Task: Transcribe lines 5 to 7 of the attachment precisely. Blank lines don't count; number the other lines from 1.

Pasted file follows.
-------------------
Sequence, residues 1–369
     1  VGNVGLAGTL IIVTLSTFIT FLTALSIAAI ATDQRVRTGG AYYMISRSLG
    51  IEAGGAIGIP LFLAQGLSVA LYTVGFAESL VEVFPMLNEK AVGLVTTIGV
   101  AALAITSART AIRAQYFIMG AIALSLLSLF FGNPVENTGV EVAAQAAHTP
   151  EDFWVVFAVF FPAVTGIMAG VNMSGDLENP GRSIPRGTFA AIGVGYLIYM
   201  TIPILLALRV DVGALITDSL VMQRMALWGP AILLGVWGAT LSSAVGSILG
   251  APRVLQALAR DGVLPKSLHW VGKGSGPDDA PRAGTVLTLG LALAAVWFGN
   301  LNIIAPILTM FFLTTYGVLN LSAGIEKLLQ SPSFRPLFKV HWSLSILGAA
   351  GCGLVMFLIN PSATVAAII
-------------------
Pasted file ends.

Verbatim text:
   151  EDFWVVFAVF FPAVTGIMAG VNMSGDLENP GRSIPRGTFA AIGVGYLIYM
   201  TIPILLALRV DVGALITDSL VMQRMALWGP AILLGVWGAT LSSAVGSILG
   251  APRVLQALAR DGVLPKSLHW VGKGSGPDDA PRAGTVLTLG LALAAVWFGN